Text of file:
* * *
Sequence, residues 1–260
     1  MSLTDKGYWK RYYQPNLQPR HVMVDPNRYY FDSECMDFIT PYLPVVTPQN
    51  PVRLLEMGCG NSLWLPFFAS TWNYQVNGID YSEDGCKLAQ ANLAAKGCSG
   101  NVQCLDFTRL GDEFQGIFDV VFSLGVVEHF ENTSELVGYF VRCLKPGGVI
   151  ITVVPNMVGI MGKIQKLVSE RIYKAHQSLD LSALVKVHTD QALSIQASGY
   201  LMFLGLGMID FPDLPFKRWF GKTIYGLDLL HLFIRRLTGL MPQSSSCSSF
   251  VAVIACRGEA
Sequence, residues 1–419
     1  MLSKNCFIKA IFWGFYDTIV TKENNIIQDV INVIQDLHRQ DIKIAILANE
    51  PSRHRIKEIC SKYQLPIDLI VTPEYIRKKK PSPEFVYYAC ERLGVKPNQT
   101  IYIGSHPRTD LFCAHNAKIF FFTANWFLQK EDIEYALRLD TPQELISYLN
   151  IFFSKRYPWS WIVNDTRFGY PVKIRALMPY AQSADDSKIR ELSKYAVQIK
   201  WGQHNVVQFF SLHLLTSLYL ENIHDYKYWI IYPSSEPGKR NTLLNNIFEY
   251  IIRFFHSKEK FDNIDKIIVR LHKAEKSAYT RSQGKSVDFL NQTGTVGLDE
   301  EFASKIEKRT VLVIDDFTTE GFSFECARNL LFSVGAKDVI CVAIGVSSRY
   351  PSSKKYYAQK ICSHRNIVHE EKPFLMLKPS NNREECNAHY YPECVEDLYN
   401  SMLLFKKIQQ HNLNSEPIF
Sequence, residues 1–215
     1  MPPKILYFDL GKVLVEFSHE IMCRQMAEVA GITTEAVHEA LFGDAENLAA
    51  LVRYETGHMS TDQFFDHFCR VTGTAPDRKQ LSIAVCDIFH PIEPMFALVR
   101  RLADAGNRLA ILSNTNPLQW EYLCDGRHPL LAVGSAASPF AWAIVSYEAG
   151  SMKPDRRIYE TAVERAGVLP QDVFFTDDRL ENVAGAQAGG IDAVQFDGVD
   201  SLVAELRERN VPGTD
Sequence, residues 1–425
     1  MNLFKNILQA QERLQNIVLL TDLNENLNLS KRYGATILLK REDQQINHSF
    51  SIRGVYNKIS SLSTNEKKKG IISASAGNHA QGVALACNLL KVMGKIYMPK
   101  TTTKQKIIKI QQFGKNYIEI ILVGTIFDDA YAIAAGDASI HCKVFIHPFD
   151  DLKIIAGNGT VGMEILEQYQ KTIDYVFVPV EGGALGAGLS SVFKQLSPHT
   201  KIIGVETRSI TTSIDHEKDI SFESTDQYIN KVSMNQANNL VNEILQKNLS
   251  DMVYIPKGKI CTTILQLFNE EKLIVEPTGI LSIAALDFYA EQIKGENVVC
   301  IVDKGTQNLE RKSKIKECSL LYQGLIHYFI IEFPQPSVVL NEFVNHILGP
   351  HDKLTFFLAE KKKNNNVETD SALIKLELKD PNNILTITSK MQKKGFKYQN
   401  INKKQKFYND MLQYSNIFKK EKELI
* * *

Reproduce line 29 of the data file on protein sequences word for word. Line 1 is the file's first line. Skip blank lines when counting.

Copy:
   201  KIIGVETRSI TTSIDHEKDI SFESTDQYIN KVSMNQANNL VNEILQKNLS